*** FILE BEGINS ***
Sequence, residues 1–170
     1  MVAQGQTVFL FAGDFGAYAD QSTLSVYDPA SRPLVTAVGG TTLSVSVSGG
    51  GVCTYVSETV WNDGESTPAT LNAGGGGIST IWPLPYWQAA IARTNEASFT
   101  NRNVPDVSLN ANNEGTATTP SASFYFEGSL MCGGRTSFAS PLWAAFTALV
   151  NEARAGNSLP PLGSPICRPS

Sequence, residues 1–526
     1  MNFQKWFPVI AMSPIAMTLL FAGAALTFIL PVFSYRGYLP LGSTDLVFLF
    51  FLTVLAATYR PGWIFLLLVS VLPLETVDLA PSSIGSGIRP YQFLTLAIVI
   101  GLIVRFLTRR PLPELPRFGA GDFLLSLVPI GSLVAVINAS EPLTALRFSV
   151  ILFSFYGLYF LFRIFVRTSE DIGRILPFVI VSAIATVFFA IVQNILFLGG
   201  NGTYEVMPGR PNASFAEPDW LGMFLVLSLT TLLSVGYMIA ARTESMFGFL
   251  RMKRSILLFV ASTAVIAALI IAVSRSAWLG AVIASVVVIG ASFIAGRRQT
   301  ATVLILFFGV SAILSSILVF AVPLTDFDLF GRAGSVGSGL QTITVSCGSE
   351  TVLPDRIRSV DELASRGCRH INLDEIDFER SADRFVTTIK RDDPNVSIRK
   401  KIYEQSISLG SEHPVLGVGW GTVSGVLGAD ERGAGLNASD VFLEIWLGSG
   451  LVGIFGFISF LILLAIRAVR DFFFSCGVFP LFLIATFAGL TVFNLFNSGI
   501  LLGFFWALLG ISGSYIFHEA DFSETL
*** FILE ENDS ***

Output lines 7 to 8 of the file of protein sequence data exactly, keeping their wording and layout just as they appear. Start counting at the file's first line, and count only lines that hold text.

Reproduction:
     1  MNFQKWFPVI AMSPIAMTLL FAGAALTFIL PVFSYRGYLP LGSTDLVFLF
    51  FLTVLAATYR PGWIFLLLVS VLPLETVDLA PSSIGSGIRP YQFLTLAIVI